Translation of silk in Spanish:

silk

Pronunciation: /sɪlk/

noun/nombre

uncountable/no numerable
  • 1 seda (feminine) raw/artificial/pure silk seda cruda/artificial/natural sewing silk hilo (masculine) de seda (before noun/delante del nombre) silk industry industria (feminine) de la seda silk thread hilo (masculine) de seda purse 1 1 1, smooth 1 1 1
    More example sentences
    • Inspired by the rich tradition of the sub-continent, Karuna has concentrated on pure fabrics like khadi, silks, organza, brocade, tissue, crepe and georgette.
    • The fabrics used - silks, chiffon, georgettes, organza, linen and cotton - remain clearly tailor-made for taking on the spring and summer of 2003.
    • Floral prints in combination with light, natural fibres like chiffon, silk and linen underscore this young and natural look.
  • 2 countable/numerable (in UK) [Law/Derecho] to take silk ser* nombrado Queen's Counsel
    More example sentences
    • There were people being led around by what I imagine were solicitors or junior barristers, the silks moving between courts, of which there appears to be the best part of 100 housed there, courts that is.
    • And your Lordship will, of course, note that the claimant was represented by a silk and junior in this case.
    • After an outstanding career as a silk, your Honour was appointed to the New South Wales Court of Appeal in 2000.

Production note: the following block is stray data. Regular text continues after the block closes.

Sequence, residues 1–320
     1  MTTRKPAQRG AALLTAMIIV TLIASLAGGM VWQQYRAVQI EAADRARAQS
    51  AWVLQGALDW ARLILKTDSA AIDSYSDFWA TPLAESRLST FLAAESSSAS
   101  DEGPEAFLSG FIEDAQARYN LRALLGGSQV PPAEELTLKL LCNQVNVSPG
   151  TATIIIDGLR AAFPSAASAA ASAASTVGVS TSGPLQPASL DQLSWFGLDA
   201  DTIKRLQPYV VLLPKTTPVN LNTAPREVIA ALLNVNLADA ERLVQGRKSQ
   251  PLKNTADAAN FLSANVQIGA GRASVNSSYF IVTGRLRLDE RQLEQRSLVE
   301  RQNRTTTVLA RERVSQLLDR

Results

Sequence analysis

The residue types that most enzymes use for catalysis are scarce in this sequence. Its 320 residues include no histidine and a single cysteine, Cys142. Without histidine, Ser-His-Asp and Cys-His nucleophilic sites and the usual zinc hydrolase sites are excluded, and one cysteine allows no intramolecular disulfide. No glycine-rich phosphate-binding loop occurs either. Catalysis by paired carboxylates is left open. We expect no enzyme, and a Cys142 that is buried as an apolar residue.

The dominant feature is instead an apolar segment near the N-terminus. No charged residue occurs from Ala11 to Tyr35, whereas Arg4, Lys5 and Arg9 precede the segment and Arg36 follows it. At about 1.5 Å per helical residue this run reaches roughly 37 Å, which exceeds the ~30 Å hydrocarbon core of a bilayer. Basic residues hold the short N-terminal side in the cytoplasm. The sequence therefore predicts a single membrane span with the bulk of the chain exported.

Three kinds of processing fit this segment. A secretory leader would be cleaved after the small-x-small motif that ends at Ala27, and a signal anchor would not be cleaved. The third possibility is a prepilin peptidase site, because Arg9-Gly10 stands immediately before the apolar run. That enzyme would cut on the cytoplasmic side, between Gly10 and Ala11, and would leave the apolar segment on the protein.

• 3
    (silks plural)
    [Horse racing] colores (masculine plural) ([ de la cuadra ])
    More example sentences
    • Marketing bosses even registered his bright orange and yellow racing silks with the Jockey Club for the remarkable stunt.
    • Also during the meeting, they approved a regulation with revised language to permit advertising on owner silks, jockey attire, and track saddlecloths.
    • Two English jockeys, in racing silks with whips, compete with each other for the audience's attention in a notional horse race.

Definition of silk in:

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Cultural fact of the day

The National Police (Policía Nacional) was set up in Spain in 1976. Its members patrol provincial capitals and big cities, which are responsible for its finance, administration, and recruitment. Although armed, it has never been considered a repressive force, unlike the Guardia Civil.